You wouldn’t know it by looking at the crane-studded skyline in downtown Dallas, but Central Business District boosters are openly worried about the inroads made by Las Colinas, an upstart Irving development less than 10 years old that is challenging downtown for office space leadership.
Las Colinas won the latest battle in the struggle with downtown’when giant Caltex Petroleum Corporation announced last month it would occupy 275,000 square feet of office space in the Las Colinas Urban Center on Carpenter Freeway rather than in downtown Dallas.
“People are worried that all the major companies that are moving here are ignoring downtown,” says one real estate broker. Of all the giant firms that have relocated in Dallas in recent years, only Diamond Shamrock has of-ficed downtown.
Since its first tenants arrived in September 1976, more than 13 million square feet of office space have been constructed or are under construction. About 10 million square feet of office space have been built in downtown during the same period, bringing the downtown total to more than 31 million square feet of office space.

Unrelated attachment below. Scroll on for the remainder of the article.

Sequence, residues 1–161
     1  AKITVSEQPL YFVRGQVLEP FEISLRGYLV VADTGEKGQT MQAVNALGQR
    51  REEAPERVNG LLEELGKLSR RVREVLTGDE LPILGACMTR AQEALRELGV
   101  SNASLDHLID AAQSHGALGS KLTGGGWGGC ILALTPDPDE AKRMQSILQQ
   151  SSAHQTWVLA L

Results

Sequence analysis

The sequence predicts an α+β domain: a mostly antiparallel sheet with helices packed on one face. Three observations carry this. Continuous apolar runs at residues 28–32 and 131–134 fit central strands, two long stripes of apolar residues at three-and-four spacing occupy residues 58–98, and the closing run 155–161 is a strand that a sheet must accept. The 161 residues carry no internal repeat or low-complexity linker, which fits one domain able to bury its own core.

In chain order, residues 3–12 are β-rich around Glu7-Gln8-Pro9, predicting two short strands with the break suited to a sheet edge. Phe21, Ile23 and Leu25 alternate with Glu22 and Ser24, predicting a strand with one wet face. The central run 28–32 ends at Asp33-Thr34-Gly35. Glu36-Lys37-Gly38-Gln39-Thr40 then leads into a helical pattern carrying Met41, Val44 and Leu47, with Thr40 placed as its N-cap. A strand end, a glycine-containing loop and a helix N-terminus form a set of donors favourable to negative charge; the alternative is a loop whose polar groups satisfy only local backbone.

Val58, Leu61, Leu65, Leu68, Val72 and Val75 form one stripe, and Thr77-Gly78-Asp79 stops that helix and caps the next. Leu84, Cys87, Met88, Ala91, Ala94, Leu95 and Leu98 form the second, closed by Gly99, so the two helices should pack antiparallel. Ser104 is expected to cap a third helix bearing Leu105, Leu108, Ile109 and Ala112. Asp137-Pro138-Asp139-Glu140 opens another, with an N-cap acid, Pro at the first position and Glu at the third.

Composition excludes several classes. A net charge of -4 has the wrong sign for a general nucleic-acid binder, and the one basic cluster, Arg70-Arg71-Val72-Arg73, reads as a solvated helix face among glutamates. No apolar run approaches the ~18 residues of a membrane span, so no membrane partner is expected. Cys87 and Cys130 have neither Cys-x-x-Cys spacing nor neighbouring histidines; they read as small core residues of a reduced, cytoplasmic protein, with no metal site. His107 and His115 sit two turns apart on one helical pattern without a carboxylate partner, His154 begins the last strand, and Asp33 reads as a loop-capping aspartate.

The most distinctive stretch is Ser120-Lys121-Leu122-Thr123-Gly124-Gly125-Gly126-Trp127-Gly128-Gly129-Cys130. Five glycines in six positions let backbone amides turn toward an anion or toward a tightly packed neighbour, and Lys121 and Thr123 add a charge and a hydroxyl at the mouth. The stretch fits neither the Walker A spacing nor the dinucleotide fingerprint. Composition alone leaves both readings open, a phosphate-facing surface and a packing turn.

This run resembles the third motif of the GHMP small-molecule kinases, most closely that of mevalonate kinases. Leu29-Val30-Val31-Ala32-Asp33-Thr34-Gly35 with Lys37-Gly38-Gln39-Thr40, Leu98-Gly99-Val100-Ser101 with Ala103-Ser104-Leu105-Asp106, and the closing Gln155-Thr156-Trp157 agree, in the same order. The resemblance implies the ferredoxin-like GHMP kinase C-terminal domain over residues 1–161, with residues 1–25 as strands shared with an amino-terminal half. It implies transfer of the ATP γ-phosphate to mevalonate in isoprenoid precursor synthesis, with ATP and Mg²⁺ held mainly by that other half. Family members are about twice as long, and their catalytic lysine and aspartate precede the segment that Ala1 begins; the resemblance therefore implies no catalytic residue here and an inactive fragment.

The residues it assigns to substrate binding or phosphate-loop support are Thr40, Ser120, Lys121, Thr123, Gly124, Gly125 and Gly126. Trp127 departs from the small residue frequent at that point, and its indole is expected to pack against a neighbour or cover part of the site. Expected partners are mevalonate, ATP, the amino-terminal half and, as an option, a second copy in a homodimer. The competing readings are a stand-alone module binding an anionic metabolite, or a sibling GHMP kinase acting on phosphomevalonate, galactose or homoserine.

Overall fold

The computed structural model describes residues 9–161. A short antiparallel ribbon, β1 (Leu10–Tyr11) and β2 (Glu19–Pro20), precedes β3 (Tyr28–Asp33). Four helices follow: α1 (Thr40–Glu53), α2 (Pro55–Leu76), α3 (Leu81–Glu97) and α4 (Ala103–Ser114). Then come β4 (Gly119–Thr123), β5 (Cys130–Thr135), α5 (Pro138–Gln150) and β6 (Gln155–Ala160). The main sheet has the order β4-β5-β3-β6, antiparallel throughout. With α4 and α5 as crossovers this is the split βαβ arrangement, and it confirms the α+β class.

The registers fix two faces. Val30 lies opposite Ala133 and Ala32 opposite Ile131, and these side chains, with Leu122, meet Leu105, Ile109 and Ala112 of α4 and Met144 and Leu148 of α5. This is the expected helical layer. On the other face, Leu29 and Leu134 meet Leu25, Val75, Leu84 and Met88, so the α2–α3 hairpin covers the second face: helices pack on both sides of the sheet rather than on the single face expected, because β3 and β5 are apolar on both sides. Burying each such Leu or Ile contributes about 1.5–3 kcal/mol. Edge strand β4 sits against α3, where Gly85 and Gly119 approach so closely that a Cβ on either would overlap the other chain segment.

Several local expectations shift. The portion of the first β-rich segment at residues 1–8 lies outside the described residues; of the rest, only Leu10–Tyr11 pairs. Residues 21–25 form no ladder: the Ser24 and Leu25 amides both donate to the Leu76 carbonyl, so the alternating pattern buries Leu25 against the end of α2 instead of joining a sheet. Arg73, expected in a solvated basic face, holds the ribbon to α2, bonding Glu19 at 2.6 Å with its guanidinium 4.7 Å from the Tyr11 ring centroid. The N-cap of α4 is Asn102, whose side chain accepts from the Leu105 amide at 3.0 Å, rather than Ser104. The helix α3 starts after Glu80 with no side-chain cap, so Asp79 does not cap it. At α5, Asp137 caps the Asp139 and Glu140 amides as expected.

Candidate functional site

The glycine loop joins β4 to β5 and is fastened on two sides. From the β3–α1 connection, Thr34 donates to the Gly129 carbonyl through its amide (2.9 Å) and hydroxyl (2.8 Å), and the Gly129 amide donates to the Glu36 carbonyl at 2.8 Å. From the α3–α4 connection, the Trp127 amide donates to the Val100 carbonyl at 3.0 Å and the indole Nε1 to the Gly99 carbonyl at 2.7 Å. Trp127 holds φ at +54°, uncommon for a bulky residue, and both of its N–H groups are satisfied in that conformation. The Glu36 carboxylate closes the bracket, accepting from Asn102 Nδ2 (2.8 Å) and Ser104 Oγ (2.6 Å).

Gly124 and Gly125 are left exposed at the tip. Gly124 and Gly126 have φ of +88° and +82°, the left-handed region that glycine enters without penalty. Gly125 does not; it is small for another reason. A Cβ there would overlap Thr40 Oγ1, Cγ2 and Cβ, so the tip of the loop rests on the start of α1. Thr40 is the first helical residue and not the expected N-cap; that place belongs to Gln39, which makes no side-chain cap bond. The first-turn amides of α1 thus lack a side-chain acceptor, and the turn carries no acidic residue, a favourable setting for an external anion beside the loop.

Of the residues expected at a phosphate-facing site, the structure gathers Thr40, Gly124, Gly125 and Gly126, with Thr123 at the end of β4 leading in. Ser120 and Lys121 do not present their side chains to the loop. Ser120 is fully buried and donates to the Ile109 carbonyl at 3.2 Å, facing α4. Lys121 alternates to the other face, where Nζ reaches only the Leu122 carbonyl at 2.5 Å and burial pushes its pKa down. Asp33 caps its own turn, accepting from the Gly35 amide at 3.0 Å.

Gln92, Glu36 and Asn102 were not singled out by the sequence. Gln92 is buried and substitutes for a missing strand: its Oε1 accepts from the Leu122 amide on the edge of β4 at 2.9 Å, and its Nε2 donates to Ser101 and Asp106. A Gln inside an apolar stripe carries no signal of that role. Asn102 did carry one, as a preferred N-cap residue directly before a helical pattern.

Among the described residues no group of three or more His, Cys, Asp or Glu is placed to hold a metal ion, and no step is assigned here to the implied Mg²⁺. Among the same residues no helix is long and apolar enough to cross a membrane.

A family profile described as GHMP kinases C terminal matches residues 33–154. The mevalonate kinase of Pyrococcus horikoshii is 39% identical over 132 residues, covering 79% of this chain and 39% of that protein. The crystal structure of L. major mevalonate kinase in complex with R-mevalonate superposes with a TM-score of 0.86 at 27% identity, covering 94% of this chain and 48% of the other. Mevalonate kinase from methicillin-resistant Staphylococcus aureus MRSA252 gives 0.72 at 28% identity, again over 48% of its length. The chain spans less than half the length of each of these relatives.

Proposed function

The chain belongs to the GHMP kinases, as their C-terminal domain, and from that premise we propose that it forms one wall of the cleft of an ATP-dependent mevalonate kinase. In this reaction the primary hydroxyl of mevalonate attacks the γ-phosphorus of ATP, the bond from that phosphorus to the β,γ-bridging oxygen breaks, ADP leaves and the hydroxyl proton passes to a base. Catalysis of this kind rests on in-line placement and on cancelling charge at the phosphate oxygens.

Even more troublesome to Dallas boosters than the Las Colinas location of giants like Caltex, the Boy Scouts of America, and IBM is the defection of homegrown companies from Dallas to Irving. Zale Corporation recently announced the sale of its decade-old building on Stem-mons Freeway for a campus-style office complex in Las Colinas.
Caltex, owned by Standard Oil of California, and Texaco, is moving to the Dallas area from Manhattan sometime next year. When Caltex occupies its new offices being built by developer Trammell Crow, the Las Colinas Urban Center will be geographically larger than downtown Dallas.